Halifax — When police or fire marshals show up to your illegal bonfire, you may be able to avoid a fine — if that fire is awesome enough.
That’s the official statement from Karen McMills, a provincial fire prevention officer for Nova Scotia.
McMills said that while North America is seeing more and more raging wildfires year after year from climate change paired with careless campfires, it’s worth the risk if you had big plans for a really sweet bonfire with some friends.
“If you’ve got a crappy small fire and it spreads into a big forest fire, then yeah, you’re in trouble,” said McMills by phone. “But if you’ve got this massive fire roaring with close friends, some beer, and sweet summer tunes playing, then we totally get it, no worries.”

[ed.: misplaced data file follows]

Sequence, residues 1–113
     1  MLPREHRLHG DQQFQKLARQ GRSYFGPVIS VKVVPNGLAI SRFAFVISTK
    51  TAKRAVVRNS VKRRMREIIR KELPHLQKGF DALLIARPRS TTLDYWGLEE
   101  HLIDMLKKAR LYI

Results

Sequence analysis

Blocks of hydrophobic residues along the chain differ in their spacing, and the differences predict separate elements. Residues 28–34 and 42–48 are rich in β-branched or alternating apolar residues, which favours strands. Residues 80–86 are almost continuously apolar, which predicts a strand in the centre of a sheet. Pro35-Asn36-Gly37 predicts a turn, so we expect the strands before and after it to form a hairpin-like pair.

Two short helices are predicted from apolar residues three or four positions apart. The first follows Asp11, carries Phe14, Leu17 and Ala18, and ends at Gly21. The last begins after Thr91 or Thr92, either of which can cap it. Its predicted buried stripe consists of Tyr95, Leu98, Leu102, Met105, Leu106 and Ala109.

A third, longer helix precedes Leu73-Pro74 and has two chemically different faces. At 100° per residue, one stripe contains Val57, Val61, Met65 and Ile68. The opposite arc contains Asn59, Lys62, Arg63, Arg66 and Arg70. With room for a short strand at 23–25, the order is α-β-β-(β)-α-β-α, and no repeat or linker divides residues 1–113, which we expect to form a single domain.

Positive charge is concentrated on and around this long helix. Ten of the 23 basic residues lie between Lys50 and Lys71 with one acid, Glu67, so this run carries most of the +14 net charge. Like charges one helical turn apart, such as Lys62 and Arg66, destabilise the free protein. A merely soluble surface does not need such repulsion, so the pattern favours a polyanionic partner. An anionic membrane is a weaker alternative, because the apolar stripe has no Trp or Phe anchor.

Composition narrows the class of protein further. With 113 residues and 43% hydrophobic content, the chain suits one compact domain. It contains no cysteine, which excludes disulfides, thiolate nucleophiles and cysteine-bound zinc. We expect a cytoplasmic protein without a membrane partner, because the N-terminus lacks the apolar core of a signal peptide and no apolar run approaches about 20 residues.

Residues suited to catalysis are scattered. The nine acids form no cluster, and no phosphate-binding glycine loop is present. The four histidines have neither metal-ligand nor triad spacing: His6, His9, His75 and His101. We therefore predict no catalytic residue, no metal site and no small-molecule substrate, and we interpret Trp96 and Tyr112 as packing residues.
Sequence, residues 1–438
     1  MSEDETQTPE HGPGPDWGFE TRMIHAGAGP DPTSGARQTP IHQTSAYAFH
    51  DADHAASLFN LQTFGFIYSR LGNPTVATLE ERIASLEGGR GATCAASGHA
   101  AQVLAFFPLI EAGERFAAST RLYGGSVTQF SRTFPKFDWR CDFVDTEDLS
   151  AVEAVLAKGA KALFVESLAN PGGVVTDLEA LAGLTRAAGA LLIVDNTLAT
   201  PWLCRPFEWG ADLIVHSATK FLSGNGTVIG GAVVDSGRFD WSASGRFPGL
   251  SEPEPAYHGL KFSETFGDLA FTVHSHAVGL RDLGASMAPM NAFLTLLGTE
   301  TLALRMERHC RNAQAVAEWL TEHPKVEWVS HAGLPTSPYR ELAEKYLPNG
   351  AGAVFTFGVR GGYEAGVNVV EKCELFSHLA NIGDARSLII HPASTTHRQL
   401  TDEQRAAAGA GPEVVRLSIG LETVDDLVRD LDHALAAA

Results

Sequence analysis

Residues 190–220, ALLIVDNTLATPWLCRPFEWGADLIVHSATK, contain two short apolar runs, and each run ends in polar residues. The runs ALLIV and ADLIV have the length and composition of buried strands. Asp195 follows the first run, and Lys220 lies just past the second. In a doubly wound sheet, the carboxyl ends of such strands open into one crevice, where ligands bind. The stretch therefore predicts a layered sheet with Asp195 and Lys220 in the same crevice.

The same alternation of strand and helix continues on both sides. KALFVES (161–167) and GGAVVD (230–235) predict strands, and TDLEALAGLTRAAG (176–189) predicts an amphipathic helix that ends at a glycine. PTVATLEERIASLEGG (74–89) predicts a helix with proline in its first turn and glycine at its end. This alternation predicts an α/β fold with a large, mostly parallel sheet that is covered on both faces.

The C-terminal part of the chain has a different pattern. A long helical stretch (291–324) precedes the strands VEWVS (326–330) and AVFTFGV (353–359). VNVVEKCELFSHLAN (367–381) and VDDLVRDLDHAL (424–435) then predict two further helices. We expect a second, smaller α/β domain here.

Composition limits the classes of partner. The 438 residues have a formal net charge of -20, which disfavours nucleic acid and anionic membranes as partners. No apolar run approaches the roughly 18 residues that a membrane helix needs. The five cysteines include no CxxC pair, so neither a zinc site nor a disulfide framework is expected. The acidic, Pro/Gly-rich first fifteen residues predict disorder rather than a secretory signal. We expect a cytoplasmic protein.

McMills said that while people are not supposed to have fires during official burn bans, there will be no repercussions for those who do, if the fire is gauged as “really great, sweet, awesome, or killer” by any officials who witness it.
“So yeah, if you’re going to have a fire during a burn ban, it better be a really really good one,” elaborated McMills. “Make it worth it. Don’t wipe out a whole forest for a wimpy fire with just you and your spoiled single child. Make sure their friends are over and you and some other parents whip out a guitar and a 24-pack.”
Some Nova Scotians are glad to have their suspicions confirmed.
“All my fires are epic — anyone will say so,” said Parrsboro resident Billy Hughes. “There was one fire I had where we accidentally burned down a Christmas tree plantation, but that’s only because me and some buddies threw a box of fireworks into the fire pit to see what would happen. It was really cool and totally worth it. The cops thought so too.”